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    $\begingroup$ I believe the answer to question #1 is simply "no." Take any entire function which is real on the real axis, then multiply it by $1/(1+x^2)$. The resulting function will have a finite radius of convergence and will be within $\Theta(x^{-2})$ of the original function as $x \to \pm \infty$. If I recall correctly it's always possible to find a real entire function which has any given asymptotic growth behavior, so this argument can produce a real analytic function with any asymptotic growth but whose power series has a finite radius of convergence. (...) $\endgroup$ May 8 '16 at 18:04
  • $\begingroup$ (...) I hope someone will chime in to correct or confirm my suspicion. $\endgroup$ May 8 '16 at 18:04
  • $\begingroup$ I like that argument -- it's sounds like a good way to generate counterexamples. Do you remember where you might have learned that it's always possible to find a real entire function which has any given asymptotic growth behavior? This is what confuses me, because if there is no limit, then why should the gamma function not be entire? I hypothesized that analytic functions must just be the closure of the polynomials under "appropriately bounded infinite sums" and that therefore there must be some "maximal" element to this set (in terms of growth) - I hypothesized the exponential -- but only $\endgroup$ May 9 '16 at 2:12
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    $\begingroup$ I learned it here on MSE, actually, but I can't seem to find the thread. I recall that the proof used the Hadamard Factorization Theorem in some way. I also learned that there is no "fastest growing" entire function, basically due to the same argument. Sorry I can't be more help. $\endgroup$ May 9 '16 at 2:40
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    $\begingroup$ Re Question 7 (this is really too many for one post, btw...) $\Xi(x) = \Theta (x^{-1/4} e^{2\sqrt{x}})$ as $x \to \infty$. $\endgroup$ May 9 '16 at 2:44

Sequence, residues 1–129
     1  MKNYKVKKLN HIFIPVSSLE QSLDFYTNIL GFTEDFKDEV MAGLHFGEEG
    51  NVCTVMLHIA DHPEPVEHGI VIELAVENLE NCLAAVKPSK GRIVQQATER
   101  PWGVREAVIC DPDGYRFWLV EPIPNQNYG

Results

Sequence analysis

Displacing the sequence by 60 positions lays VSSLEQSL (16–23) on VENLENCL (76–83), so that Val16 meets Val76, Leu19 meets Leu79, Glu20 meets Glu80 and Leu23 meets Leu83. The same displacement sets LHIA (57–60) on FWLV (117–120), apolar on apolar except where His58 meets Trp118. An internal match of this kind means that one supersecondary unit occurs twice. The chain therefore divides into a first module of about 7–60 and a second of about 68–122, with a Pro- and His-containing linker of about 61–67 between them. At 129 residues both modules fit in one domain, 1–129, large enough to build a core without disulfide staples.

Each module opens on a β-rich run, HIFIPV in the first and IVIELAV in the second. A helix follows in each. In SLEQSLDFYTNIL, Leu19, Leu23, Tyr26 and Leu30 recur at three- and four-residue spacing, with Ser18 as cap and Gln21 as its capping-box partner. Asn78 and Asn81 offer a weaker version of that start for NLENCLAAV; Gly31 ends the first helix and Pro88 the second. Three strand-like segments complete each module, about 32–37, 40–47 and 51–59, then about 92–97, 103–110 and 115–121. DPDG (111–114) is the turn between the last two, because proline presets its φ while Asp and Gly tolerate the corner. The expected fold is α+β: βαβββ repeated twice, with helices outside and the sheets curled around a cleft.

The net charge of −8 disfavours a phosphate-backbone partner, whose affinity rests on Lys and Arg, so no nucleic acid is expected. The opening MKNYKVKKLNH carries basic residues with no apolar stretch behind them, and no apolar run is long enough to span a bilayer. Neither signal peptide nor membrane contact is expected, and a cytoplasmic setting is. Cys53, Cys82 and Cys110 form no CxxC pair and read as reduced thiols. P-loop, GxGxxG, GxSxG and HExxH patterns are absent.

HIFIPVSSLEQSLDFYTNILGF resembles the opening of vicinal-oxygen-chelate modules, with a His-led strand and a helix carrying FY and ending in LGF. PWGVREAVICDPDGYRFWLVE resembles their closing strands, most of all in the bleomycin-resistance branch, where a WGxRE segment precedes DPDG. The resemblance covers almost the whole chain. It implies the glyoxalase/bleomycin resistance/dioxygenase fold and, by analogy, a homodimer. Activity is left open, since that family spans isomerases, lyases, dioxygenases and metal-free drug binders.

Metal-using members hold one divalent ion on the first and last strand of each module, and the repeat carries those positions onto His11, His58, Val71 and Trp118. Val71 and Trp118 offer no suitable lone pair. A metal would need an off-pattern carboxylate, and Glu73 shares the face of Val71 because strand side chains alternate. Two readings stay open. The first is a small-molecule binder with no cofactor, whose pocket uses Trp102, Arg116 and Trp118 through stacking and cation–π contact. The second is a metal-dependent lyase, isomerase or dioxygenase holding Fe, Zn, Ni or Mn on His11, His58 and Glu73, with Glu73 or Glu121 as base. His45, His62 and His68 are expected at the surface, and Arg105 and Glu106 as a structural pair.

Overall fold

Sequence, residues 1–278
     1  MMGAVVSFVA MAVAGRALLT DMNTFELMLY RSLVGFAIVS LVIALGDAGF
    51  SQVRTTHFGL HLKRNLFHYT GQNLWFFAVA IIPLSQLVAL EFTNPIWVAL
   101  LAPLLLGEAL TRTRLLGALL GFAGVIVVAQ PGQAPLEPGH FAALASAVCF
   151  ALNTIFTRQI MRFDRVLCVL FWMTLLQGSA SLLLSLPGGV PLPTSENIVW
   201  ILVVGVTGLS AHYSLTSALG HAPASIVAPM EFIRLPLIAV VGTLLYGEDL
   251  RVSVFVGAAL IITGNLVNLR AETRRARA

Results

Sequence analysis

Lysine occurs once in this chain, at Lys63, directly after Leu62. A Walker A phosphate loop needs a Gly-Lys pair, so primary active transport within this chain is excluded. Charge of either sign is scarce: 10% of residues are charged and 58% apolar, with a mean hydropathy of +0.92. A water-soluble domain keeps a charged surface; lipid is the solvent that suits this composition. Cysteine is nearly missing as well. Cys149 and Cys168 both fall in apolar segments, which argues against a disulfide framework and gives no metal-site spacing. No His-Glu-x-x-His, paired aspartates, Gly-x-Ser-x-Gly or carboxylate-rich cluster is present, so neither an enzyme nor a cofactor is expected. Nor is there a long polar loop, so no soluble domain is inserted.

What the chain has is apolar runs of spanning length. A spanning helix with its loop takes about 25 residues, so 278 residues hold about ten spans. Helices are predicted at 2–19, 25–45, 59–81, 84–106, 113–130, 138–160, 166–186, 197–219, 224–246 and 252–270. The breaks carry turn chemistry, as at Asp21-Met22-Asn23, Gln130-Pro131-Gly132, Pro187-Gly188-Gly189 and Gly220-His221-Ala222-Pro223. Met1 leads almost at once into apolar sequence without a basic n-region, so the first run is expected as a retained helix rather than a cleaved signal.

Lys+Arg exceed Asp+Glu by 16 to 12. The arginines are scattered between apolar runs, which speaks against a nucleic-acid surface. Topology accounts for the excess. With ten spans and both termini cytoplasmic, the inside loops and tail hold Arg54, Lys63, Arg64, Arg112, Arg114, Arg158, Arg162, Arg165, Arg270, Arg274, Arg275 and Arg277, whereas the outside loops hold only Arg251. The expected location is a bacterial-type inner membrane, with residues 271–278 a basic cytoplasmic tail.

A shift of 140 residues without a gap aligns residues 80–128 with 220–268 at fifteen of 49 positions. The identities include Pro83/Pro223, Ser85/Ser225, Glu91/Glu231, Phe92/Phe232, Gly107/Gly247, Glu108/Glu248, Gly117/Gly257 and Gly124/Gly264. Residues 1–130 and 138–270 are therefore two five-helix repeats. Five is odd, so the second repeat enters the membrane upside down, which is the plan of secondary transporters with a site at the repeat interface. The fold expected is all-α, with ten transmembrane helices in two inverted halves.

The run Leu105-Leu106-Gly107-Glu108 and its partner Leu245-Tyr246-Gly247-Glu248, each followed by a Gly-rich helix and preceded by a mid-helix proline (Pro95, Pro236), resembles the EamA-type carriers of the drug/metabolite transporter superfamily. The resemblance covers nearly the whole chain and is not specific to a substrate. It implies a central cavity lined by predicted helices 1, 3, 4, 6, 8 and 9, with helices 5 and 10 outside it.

For an arbitrary sequence $a_n$, there is an entire function $f$ which interpolates the sequence: $f(n) = a_n$ for all $n \in \mathbb N$. This follows from Mittag-Leffler's theorem and the Weierstrass factorization theorem. See also this paper of I.M. Sheffer

  • $\begingroup$ Can we say the same for analytic but not entire functions (i.e. finite radius of convergence)? $\endgroup$ May 9 '16 at 4:42
  • $\begingroup$ Also this means then that there is an entire function which interpolates the factorials? This makes me question why the Gamma function is the "natural choice" then (I read the reason once, but I need to find what it was again) $\endgroup$ May 9 '16 at 4:48
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    $\begingroup$ 1) Of course. For example, if you want poles at $\pm i$, take an entire function that interpolates $a_n (1 + n^2)$ and divide by $1 + z^2$. $\endgroup$ May 9 '16 at 5:08
  • $\begingroup$ 2) Perhaps you were referring to the Bohr-Mollerup theorem? $\endgroup$ May 9 '16 at 5:11
  • $\begingroup$ Yes thank you! Both of these are really helpful again! I really appreciate it. $\endgroup$ May 9 '16 at 14:27

@AntonioVargas I think I found what you were referring to:


The relevant conclusion from the article is:

Entire functions may grow as fast as any increasing function: for any increasing function $g: [0, \infty) \to [0, \infty)$ there exists an entire function $f(x)$ such that $f(x) > g(x)$ for all $x \ge 0$.

An example of such a function is: $$f(x) = g(2) + \displaystyle\sum\limits_{k=1}^{\infty} \left( \frac{z}{k} \right)^{2 \lceil k \ln g(k+2) \rceil}$$

As a result, 4. is clearly false. I would also suspect more strongly than before as a result that 1.-3. are false, but I will have to do more research for more rigorous proof.

Further Reading: which I have not yet done but aim to do in the future

Boas, Ralph P. - 1954 Entire Functions. Academic Press. OCLC 847696
Levin, B. Ya. - 1996 Lectures on Entire Functions. American Mathematical Society.